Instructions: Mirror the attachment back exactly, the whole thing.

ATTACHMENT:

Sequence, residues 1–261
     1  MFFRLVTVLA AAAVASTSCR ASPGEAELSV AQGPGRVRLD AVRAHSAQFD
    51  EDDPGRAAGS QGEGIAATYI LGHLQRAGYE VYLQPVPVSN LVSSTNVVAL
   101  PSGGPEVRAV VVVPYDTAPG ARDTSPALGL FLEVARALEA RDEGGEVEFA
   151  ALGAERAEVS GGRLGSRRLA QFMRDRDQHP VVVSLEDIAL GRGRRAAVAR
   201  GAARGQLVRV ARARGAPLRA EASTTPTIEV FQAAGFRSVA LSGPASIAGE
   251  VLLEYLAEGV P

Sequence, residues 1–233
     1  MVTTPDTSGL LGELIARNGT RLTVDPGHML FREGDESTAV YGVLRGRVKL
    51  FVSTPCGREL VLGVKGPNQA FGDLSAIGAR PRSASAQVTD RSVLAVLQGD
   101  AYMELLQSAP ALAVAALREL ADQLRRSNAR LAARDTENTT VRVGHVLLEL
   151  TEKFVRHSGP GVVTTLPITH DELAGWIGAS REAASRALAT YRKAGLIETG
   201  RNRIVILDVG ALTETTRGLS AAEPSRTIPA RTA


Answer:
Sequence, residues 1–261
     1  MFFRLVTVLA AAAVASTSCR ASPGEAELSV AQGPGRVRLD AVRAHSAQFD
    51  EDDPGRAAGS QGEGIAATYI LGHLQRAGYE VYLQPVPVSN LVSSTNVVAL
   101  PSGGPEVRAV VVVPYDTAPG ARDTSPALGL FLEVARALEA RDEGGEVEFA
   151  ALGAERAEVS GGRLGSRRLA QFMRDRDQHP VVVSLEDIAL GRGRRAAVAR
   201  GAARGQLVRV ARARGAPLRA EASTTPTIEV FQAAGFRSVA LSGPASIAGE
   251  VLLEYLAEGV P

Sequence, residues 1–233
     1  MVTTPDTSGL LGELIARNGT RLTVDPGHML FREGDESTAV YGVLRGRVKL
    51  FVSTPCGREL VLGVKGPNQA FGDLSAIGAR PRSASAQVTD RSVLAVLQGD
   101  AYMELLQSAP ALAVAALREL ADQLRRSNAR LAARDTENTT VRVGHVLLEL
   151  TEKFVRHSGP GVVTTLPITH DELAGWIGAS REAASRALAT YRKAGLIETG
   201  RNRIVILDVG ALTETTRGLS AAEPSRTIPA RTA